TREASURE ISLAND — A vote by Treasure Island commissioners to ratify an agreement to be a member of the Gulf Beaches Library consortium for five more years passed by a narrow 3-2 margin at their Oct. 5 meeting.
In 1971, five barrier island communities — Treasure Island, Madeira Beach, Redington Beach, North Redington Beach and Redington Shores — formed the non-profit Gulf Beaches Public Library, now at 200 Municipal Drive in Madeira Beach.
In early 2021, mayors from those five communities, whose representatives comprise the Gulf Beaches Library Board, met and discussed recommendations to improve the library and reorganize the consortium contract.
After much wrangling, in which Treasure Island commissioners refused to ratify an early version of the contract, the four other beach cities largely agreed to make the changes Treasure Island requested. However, at the Oct. 5 meeting, at least two city commissioners still voiced displeasure with the contract, because there is no non-elected resident representation on the library board.
Commissioners Deborah Toth and Saleene Partridge argued that users of the library should have representation on the board. They said the public should have a non-elected resident representative from each city on the board.
But under a new change to the consortium contract, the Library Board would be reduced from 10 to 5 members, with each city having a voting member that is recommended to be an elected official from their city.
Among the other changes requested by Treasure Island, and ultimately adopted by the other cities, were reciprocal budget deadlines for both the libraries and member cities. Under the current scenario, the library has a deadline to present its budget, but member cities can wait until the last minute to tell the library how much funding it will receive.
“The commission felt this was crucial and it would then allow the library to adjust and plan prior to the beginning of the fiscal year in the event that a municipality rejected the proposed proportional share or its service agreement,” City Attorney Jennifer Cowan said.
In another important issue, an earlier version of the interlocal agreement included a recommendation that the library board adopt a policy directing reserves not to exceed $100,000. Cowan argued it is “general government practice to set a reserve as a percentage and not a dollar amount.”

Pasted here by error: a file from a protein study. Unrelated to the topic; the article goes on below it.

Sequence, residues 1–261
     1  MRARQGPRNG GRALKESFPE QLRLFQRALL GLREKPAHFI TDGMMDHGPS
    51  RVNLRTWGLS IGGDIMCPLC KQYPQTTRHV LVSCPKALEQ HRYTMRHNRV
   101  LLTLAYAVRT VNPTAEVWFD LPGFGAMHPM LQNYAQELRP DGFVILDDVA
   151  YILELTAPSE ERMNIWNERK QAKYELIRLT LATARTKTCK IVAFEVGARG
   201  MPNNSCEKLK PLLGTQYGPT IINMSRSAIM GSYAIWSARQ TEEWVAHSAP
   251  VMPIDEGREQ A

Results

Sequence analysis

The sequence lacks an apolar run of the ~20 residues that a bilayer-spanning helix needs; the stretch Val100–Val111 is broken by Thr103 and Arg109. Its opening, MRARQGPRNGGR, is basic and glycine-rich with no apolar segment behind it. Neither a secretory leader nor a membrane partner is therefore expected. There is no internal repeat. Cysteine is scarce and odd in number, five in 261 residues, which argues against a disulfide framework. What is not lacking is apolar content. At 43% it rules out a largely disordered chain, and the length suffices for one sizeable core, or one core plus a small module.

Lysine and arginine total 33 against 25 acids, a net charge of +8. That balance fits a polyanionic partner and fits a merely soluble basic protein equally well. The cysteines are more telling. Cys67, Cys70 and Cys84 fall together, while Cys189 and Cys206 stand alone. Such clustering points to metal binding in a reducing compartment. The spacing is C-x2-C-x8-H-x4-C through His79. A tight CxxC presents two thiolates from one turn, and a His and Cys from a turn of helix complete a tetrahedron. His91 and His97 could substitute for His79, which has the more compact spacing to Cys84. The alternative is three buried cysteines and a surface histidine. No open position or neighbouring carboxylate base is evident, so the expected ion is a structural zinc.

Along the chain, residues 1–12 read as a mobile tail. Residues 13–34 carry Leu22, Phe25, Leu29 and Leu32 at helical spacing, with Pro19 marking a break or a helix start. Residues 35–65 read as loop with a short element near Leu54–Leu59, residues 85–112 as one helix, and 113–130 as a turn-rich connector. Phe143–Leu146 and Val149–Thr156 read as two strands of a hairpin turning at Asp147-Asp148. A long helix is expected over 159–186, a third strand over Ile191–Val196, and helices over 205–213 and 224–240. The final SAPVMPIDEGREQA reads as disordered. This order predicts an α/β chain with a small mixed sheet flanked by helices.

The revised contract will now direct the library to adopt a policy stating undesignated fund balance reserves “shall not exceed 10% of its total undesignated fund balance,” rather than a dollar amount.
The consortium has agreed to move forward with an interlocal agreement that incorporated Treasure Island’s revisions.
Under the terms of the reorganization the Gulf Beaches Library will revise the makeup of its board, reducing it from 10 to five voting members. These members shall consist of one representative from each municipality. The agreement states “it is the preference of the municipalities that the member be an elected official of the municipality.”
The library board will also have alternate members from each municipality that would vote only when the municipality’s member was absent. The board will have one non-voting ex-officio member consisting of the library director.
However, at the Oct. 5 meeting, commissioners Toth and Partridge argued that the city should, once again, vote to reject the contract, this time asking for representation from the public on the board.
The request was voted down in a 3-2 vote, with Mayor Tyler Payne, Commissioner John Doctor and Commissioner Deborah Wetzel voting to adopt the agreement. They said the elected representative from each city was already a resident representative.
The contract will now have to be approved by the Gulf Beaches Library Board of Directors.